Flint House by Skene Catling de la Pena
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Flint House by Skene Catling de la Pena

Located on a wilderness within cultivated agricultural fields in a remote island on the east coast of Britain, the Flint House is an unusual private residence treated as landscape or geological extrusion.

Architects: Skene Catling de la Pena
Location: Waddesdon, Buckinghamshire, UK
Photography: James Morris

Flint House by Skene Catling de la Pena

© James Morris

Flint House by Skene Catling de la Pena

© James Morris

This long, narrow building consists of a flint and chalk house and an freestanding annex, looks like a stepped tectonic plates jutting from the ground, with the rough texture and raw surrounding landscape.

Flint House by Skene Catling de la Pena

© James Morris

The landscape and architecture are inextricably linked, and the form is sculpted using layers of natural materials found there: flint and chalk with inclusions of concrete, glass and metal.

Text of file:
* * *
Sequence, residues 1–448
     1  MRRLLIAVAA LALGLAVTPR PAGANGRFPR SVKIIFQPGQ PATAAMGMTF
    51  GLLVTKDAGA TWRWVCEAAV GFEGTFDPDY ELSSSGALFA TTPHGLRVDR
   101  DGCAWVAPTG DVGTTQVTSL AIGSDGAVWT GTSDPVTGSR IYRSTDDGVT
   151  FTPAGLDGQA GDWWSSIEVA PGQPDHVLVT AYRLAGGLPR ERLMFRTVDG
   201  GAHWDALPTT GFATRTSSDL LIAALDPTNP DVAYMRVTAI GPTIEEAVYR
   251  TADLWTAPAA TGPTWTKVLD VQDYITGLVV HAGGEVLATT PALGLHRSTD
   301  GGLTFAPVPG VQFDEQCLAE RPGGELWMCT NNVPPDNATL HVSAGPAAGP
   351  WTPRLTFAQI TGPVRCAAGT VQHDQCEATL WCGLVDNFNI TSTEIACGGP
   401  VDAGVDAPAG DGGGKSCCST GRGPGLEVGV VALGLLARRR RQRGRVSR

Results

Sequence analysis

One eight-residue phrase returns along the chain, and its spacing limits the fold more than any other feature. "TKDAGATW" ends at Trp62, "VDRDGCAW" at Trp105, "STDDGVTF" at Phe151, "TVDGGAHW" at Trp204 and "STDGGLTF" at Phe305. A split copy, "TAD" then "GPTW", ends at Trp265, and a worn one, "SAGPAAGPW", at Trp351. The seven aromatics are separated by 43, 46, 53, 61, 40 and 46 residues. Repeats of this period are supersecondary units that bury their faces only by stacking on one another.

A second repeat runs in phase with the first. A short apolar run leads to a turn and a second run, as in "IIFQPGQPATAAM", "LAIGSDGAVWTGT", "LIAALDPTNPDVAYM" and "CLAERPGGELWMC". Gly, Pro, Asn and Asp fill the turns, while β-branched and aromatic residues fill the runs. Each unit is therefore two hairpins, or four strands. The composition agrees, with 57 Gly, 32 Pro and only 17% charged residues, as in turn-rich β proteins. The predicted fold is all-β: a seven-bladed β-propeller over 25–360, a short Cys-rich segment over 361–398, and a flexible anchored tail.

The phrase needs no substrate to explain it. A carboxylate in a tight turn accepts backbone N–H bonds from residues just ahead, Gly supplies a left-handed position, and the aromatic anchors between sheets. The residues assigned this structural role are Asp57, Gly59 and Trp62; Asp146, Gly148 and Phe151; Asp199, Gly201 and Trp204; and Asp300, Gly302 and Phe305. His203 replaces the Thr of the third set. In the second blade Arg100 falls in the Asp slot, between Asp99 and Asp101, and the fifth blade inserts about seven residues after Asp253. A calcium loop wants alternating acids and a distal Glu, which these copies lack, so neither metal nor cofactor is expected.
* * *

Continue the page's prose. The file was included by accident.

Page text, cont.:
Flint House by Skene Catling de la Pena

© James Morris

Flint is an ancient material related to jasper, obsidian and onyx; a hard, cryptocrystalline form of quartz found only in chalk, and in abundance on the surface of the ploughed fields surrounding the site.

Flint House by Skene Catling de la Pena

© James Morris

Flint House by Skene Catling de la Pena

© James Morris

Internally, the main architectural form is articulated through the continuous concrete soffit, the underside of the roof structure that defines the ‘landscape’ of the building.

Flint House by Skene Catling de la Pena

© James Morris


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